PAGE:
The manicured fairways are generous and sympathetically contoured to encourage the ball back into the middle. However, stray too far off-line and the slopes work the other way and roll you into the colourful but inhospitable brush that skirts most holes.
PANORAMA. The only point at which you might regret eschewing a buggy in favour of walking this gentle course is when you leave the 14th green and begin a steep ascent to the 15th tee.
However, the weariness will soon be forgotten when you take in the glorious panorama that awaits you. What makes both the course and the resort unique in the area is the significant elevation provided by the rocky bluff that resembles a gnarled old finger sticking out into the Atlantic Ocean. The views from the final four holes are simply spectacular.
The best, however, is undoubtedly saved until last as the 18th is one of those majestic holes that make you glad that, despite all its frustrations, you took up golf. A sweeping par-five that runs along the cliff top with glorious vistas over the sea on both sides, it is undoubtedly one of the world’s most memorable finishing holes.
PERFECT PLACE TO RELAX. As you sip a well-earned rum cocktail on a balcony or terrace afterwards, reflect on your round, reassess your life and contemplate the future, you may well reach the conclusion that you’ve had enough of the 7.48 from Bagshot, filthy British winters, in particular, and suffering in general.
The Abaco Club on Winding Bay is simply the perfect place to relax and have fun. Anything further removed from the hassle and aggravation of everyday life is hard to imagine.
After the second cocktail, you may well have decided to investigate further the possibility of purchasing your own little piece of paradise – thereby facilitating more frequent visits to this truly heavenly place.
PRETTY PROPERTY. Up on the bluff, by the edge of the ocean and fringing the fairways is a range of property to appeal to everyone from the simply rich to the exceedingly rich. The most affordable are the cute cabanas nestled amidst the lush tropical foliage alongside the opening fairway.
As well as having the enormous advantage of being just a short stroll from both the first tee and the beach, these pretty, octagonal, one-bedroom homes are cosy, comfortable and surprisingly luxurious. And their large verandas provide the perfect place to watch struggling golfers hack through the vegetation. As with all the homes, owners may, if they wish, put their cabana into the club-managed rental programme and earn an income from their investment.
Moving up the luxury scale we come next to what are curiously called cottages. If ‘cottage’ conjures images in your mind’s eye of squat, slightly cramped dwellings replace them with impressive and incredibly comfortable, two-storey houses with two, three or four bedrooms, loads of space (2,200 to 3,000 square feet), luxurious fittings, and expansive decks and terraces. Built in the Bahamian style, the cottages are on the Upper Ridge close to the spa, fitness centre and Cliff House restaurant. With spectacular elevated views over the island and out to sea, they are in great demand.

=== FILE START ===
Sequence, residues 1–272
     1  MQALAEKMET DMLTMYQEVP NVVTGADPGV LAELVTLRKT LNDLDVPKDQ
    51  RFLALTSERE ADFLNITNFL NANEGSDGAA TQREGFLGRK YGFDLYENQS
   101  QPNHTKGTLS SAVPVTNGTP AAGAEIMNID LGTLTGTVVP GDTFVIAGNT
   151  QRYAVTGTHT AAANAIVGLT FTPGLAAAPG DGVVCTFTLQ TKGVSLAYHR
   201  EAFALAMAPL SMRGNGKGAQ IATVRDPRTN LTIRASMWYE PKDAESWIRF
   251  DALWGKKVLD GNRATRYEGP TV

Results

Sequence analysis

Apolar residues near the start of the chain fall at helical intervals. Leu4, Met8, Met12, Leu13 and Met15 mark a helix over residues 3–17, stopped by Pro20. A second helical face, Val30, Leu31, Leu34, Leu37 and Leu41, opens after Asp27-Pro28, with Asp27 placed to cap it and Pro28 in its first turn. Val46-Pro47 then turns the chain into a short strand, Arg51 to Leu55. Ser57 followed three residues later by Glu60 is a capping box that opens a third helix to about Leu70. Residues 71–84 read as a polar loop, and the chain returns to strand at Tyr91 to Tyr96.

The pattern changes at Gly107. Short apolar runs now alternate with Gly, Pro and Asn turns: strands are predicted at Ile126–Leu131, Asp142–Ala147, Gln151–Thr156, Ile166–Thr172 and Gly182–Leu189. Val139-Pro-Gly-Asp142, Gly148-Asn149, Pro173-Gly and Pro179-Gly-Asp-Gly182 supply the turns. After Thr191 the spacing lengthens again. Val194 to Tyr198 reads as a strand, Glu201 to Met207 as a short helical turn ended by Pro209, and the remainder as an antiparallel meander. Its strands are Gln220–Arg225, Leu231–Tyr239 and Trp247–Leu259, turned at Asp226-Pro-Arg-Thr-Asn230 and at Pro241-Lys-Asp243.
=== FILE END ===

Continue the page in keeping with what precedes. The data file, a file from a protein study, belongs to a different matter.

CREATE YOUR DREAM HOME. If you want to create your own unique, tropical, dream home then it’s hard to imagine a more perfect place to do it. However, tough choices will have to be made. For example, do you want 200 feet of beach frontage or would you rather run half the length of a fairway next to the golf course? I warned you it wouldn’t be easy.
Most of the available lots are over an acre and so there’s plenty of room to express yourself and indulge your wildest fantasies. Some small consolation for those of us lacking the wherewithal to go down this appealing path can at least be had by just wandering around the 453 acres of the Abaco Club at Winding Bay, admiring the magnificence of these spectacular homes and resolving to work harder so that one day we might own one. Wake up, Clive!
Even if, despite your very best endeavours, you never acquire an eight-bedroom, beachside mansion with its own pool and several Jacuzzis, the miracle is you can at least visit the Abaco Club at Winding Bay and glimpse the billionaire lifestyle. That on its own is a real pleasure and priviledge.
Good to know
Abaco’s Marsh Harbour International Airport (MHH) is easily reachable via flights offered by several airlines, and the club also has a special relationship with JetSmarter for anyone who’d like to fly to the club by either shared or chartered private jet.
American Airlines flies to Abaco from Miami and Nassau. www.aa.com
Delta Airlines flies to Abaco from Atlanta. www.delta.com
Silver Airways flies to Abaco from Ft. Lauderdale, West Palm Beach, Orlando, Tampa and Jacksonville www.silverairways.com
Bahamas Air flies to Abaco from Ft. Lauderdale, West Palm Beach, Orlando, Miami and Nassau. www.bahamasair.com
Tropic-Ocean Airways flies to Abaco from a private Ft. Lauderdale terminal. www.flytropic.com
For private jet flights via JetSmarter (chartered or shared), contact Kristi Hull at The Abaco Club: email@example.com
You can also travel to Abaco from Nassau via ferry (a 13-hour overnight “red-eye” trip but an incredibly beautiful one) www.bahamasferries.com